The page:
Congressman Elijah Cummings’ Deputy Chief of Staff and Communications Director, Ms. Trudy Perkins, offered remarks in support of the initiative on his behalf. In his prepared statement the Congressman wrote, ”By implementing initiatives like Code Red and partnering with our fellow dentists, dental students, teachers, physicians, school nurses, corporate supporters, legislative leaders and government officials, we can greatly improve children’s oral health literacy in the state of Maryland. He noted children suffering from dental-related illness miss 51 million hours of school each year. Cummings pointed out the significant progress that has been made toward raising awareness of the importance of oral health care through programs like The Maryland Children’s Oral Health Institute’s Lessons In A Lunch Box initiative, the Children’s Health Insurance Program Reauthorization Act of 2009 and the Patient Protection and Affordable Care Act of 2010. His remarks included the always-bitter reminder that the death of 12 year-old Deamonte Driver in 2008 from an infected tooth was preventable.”

Remarks by Dr. Willie Richardson, President of the Maryland Dental Society, and Dickey Hill principal, and Mr. Aaron Clark underscored the value of this didactic focus. Both commended the literacy movement.

The American Dental Association and the National Association of School Nurses announced in February, that they were planning to launch a nationwide, school-based oral health awareness campaign this summer. The most current National Adult Literacy Survey showed that over 90 million people in the United States read at or below the eighth grade level. In terms of health information literacy, the implication is that a majority of adults in the United States may lack the needed literacy skills to effectively use the U.S. healthcare system, especially given that routine health tasks, such as understanding prescription instructions, understanding consent forms or following doctor’s directions, often require more complex literacy skills than those needed to complete daily routine tasks. This data further substantiates the need for the oral health community to begin vigilantly partnering with educators. These concerted efforts will help facilitate ensuring preventive dental education is incorporated in school curriculums starting in kindergarten and through twelfth grade.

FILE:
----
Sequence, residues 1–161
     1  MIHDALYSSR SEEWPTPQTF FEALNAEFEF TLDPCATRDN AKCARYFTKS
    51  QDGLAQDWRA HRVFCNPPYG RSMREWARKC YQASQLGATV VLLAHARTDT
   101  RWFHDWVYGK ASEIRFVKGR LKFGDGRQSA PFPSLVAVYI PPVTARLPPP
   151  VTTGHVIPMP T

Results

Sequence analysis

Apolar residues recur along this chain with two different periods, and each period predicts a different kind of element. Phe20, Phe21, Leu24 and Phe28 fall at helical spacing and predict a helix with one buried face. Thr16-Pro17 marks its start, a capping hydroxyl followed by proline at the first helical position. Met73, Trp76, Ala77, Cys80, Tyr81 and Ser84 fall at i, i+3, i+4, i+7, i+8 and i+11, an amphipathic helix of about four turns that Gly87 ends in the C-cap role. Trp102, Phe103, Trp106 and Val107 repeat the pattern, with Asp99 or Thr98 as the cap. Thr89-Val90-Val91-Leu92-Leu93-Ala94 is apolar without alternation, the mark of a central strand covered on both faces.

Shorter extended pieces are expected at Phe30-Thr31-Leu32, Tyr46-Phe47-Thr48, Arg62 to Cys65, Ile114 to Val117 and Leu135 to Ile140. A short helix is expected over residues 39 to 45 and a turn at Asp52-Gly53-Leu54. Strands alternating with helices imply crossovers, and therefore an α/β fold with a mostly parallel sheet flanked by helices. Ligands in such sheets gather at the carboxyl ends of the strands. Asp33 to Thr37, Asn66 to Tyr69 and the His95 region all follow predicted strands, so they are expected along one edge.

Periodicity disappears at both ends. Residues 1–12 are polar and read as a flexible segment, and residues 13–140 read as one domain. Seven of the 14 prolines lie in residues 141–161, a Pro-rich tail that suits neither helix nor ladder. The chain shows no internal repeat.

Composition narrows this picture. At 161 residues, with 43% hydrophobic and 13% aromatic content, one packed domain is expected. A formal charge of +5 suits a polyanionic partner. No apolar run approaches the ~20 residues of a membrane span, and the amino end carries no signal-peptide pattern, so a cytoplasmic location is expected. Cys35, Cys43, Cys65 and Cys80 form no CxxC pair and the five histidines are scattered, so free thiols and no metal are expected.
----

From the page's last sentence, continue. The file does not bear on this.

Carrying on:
Following the welcome, a power point presentation illustrated and explained some of the disease factors that can lead to the unfolding of the oral health crisis in the classroom. An overview of the information contained in the booklet was highlighted, including a look at the across-the-board consequences oral health illness can inflict during the school day.

Prior to ending the program, examples of providing an oral health lesson were presented for teachers. Children participated in an oral health music lesson, singing the Brushing Song found on page 8i of Code Red. A five-minute brushing video was shown, the highlights reviewed and the engaged students awarded a toothbrush, toothpaste and dental floss.

The introduction of Code Red: The Oral Health Crisis In Your Classroom was made possible due in part to the sponsors who provided product donations, financial and or in kind support, including Brushtime Products, Inc., Colgate-Palmolive Company, Crest Oral-B, DentaQuest Foundation, Maryland Academy of General Dentistry, Maryland Dental Society, Maryland State Dental Association, OrthoSynetics, Inc. and Valley Dental Pediatrics.

This fall, The Maryland Children’s Oral Health Institute has plans to make several thousand hard copies of the nifty handbook available at no charge for as long as supplies last. It is currently available to be downloaded from the website. A flipbook version can also be viewed electronically.

For more information about Code Red: The Oral Health Crisis In Your Classroom© Empowering the Teacher to Teach Oral Health Education- A Curriculum Resource Reference and other program and initiatives developed by The Maryland Children’s Oral Health Institute please visit www.mycohi.org.